Government Information Technology and Border Security: Comparative Perspectives

Rey Koslowski, University at Albany (SUNY)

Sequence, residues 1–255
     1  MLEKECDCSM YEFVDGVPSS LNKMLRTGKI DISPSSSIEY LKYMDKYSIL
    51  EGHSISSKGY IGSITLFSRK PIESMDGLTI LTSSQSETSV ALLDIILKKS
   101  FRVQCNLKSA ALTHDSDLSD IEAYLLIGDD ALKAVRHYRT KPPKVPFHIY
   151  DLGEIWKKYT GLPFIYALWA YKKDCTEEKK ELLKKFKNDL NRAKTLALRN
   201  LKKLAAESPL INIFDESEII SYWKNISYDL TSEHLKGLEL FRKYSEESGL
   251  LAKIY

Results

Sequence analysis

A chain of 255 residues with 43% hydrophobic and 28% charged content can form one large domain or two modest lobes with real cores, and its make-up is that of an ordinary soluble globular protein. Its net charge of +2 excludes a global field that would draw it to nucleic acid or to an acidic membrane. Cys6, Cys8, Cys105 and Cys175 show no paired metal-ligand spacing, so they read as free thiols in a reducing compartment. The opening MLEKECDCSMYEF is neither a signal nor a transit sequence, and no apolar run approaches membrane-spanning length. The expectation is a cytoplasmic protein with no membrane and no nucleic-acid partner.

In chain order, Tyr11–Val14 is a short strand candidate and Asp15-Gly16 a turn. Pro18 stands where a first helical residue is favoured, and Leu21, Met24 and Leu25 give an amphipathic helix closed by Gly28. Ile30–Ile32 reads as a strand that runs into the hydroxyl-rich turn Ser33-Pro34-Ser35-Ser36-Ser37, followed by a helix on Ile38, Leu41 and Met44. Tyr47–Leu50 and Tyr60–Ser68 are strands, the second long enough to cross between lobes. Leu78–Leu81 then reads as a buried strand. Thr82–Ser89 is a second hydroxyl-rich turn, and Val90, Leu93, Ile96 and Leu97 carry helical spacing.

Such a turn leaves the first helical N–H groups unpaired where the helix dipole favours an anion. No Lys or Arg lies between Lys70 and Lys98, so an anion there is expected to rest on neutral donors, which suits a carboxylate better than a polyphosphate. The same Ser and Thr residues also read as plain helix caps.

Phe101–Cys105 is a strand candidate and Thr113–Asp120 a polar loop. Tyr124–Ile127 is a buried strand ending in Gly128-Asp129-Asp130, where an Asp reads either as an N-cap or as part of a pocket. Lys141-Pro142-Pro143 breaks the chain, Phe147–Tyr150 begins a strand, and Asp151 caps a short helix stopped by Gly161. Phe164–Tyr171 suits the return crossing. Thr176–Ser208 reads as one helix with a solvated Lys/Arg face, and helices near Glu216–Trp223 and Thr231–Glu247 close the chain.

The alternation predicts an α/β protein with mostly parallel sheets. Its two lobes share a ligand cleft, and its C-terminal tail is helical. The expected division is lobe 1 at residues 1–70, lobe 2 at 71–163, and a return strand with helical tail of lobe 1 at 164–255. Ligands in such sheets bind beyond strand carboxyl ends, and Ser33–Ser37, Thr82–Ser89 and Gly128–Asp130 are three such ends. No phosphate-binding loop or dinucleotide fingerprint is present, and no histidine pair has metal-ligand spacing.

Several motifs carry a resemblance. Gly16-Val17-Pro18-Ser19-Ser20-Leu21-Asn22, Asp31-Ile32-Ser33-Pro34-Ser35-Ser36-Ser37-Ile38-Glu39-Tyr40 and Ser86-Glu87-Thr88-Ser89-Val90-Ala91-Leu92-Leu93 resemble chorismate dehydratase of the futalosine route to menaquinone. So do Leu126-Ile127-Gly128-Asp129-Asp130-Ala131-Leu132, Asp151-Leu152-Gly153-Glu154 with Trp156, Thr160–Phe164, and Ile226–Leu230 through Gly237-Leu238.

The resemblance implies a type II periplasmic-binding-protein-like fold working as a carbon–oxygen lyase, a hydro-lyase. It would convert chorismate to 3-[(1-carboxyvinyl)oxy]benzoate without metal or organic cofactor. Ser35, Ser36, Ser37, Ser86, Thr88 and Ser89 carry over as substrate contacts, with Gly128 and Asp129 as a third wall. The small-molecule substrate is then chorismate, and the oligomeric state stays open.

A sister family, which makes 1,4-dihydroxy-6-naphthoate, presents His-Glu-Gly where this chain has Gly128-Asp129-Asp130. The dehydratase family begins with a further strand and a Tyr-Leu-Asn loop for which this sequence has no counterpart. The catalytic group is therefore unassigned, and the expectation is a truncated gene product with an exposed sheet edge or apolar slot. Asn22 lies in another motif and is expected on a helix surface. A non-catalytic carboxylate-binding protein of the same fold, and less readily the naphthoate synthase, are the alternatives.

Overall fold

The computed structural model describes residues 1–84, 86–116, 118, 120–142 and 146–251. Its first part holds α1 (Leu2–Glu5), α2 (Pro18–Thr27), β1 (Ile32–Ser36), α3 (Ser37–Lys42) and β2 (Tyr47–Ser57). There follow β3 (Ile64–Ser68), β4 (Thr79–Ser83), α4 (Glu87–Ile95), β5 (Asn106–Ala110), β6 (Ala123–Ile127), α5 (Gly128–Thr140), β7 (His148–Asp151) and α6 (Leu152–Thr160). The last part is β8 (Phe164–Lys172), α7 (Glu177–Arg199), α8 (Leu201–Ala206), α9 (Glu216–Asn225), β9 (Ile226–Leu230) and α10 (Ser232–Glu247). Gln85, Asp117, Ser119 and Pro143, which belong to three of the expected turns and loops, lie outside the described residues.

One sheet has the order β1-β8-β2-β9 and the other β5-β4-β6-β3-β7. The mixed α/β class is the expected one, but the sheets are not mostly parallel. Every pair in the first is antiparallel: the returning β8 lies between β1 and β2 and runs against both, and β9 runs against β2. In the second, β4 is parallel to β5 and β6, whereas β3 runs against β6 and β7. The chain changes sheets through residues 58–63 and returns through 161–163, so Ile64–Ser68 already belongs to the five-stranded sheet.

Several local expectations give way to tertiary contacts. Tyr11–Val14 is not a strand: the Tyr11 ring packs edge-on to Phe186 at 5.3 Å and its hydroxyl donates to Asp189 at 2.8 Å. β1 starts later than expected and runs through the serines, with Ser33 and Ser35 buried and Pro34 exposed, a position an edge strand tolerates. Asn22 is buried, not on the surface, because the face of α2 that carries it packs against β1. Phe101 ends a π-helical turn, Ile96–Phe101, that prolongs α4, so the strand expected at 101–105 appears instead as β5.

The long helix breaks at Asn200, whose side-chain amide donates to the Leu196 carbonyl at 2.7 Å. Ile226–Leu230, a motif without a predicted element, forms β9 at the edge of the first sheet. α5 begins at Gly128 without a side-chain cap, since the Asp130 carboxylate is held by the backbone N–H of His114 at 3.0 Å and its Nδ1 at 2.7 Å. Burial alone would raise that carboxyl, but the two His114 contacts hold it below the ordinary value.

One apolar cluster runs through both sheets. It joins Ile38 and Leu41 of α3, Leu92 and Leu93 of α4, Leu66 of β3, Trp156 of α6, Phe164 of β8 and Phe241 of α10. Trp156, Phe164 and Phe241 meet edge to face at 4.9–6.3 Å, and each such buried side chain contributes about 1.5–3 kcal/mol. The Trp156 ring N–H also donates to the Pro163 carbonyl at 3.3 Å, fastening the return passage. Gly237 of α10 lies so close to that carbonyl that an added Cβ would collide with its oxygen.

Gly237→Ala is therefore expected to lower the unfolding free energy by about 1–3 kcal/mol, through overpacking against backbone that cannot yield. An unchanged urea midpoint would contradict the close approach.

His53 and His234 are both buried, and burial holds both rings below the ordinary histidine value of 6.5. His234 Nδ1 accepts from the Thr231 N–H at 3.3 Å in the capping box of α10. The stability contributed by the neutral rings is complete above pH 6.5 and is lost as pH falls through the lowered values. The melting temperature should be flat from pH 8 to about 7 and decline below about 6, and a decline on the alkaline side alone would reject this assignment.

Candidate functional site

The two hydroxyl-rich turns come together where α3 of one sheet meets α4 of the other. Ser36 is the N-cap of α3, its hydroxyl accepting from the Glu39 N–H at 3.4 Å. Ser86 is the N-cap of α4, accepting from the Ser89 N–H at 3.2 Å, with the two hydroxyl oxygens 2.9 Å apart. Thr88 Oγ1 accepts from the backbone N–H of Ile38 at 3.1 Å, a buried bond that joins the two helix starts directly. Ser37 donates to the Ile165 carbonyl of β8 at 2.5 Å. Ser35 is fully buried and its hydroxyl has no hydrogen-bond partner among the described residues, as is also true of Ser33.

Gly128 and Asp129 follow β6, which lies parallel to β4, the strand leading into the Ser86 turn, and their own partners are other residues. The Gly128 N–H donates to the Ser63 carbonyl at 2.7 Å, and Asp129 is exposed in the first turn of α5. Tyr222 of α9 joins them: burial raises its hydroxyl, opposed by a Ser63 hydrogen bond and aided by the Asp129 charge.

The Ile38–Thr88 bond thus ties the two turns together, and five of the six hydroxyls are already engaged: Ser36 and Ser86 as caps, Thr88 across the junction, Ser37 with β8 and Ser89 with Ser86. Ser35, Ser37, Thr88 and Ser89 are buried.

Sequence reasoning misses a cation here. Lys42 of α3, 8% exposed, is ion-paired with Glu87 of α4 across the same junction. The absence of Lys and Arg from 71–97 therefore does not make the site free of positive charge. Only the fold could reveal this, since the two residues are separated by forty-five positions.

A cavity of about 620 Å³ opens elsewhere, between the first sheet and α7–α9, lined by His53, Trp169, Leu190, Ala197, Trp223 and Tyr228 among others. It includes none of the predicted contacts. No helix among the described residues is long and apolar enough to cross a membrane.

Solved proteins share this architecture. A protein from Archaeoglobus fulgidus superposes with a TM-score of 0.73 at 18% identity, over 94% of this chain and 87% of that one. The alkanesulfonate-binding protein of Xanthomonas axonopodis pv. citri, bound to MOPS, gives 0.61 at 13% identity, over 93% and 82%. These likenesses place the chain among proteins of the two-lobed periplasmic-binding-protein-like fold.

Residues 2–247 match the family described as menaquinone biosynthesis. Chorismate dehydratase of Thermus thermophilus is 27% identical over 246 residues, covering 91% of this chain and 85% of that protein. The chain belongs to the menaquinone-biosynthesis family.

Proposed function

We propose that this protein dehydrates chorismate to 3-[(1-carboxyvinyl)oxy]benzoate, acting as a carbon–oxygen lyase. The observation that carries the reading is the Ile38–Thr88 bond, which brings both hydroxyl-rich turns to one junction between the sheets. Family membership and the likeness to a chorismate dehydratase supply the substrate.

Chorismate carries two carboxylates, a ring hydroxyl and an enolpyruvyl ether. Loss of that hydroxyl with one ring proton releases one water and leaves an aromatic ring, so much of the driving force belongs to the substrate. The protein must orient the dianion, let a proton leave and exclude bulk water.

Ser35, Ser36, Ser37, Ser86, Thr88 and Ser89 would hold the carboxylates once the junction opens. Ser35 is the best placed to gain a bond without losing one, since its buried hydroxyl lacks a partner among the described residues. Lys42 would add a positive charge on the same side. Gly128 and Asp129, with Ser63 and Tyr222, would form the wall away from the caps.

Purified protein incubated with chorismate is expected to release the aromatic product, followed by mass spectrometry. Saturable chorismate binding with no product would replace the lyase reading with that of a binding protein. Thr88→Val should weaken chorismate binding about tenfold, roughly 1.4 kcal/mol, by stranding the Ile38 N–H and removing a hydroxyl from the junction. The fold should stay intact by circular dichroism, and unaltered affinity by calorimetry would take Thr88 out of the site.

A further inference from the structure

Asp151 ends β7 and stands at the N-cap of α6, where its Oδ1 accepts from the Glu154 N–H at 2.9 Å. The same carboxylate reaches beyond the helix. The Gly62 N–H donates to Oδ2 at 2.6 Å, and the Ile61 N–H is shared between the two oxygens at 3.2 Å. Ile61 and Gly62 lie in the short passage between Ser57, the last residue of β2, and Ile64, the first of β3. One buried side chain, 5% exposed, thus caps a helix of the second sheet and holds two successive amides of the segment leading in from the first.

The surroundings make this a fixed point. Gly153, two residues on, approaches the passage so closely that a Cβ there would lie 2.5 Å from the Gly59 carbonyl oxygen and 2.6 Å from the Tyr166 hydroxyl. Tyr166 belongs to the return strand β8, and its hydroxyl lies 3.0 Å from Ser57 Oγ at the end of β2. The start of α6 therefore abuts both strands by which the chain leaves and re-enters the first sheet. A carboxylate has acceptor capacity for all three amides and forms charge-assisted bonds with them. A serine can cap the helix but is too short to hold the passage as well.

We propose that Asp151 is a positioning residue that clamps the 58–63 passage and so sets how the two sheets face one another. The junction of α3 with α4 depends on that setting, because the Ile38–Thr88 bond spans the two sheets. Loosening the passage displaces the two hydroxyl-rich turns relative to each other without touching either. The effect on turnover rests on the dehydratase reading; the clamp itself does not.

Information technology has become central to the administration of border controls and security policies in the more developed OECD states and increasingly in most countries of the world. Much of the hardware and software necessary for these new systems are readily available, however, policymakers, administrators and analysts have underestimated many of the practical barriers to implementing new border control information technology solutions, such as data entry problems, insufficient physical infrastructure at border crossings, and limitations to automation without severely compromising border security. These barriers are examined by focusing on implementation of entry systems that leverage machine readable travel documents, automated border controls for registered travelers and automated biometric entry-exit systems in Australia, Canada, the US, Japan and EU member states.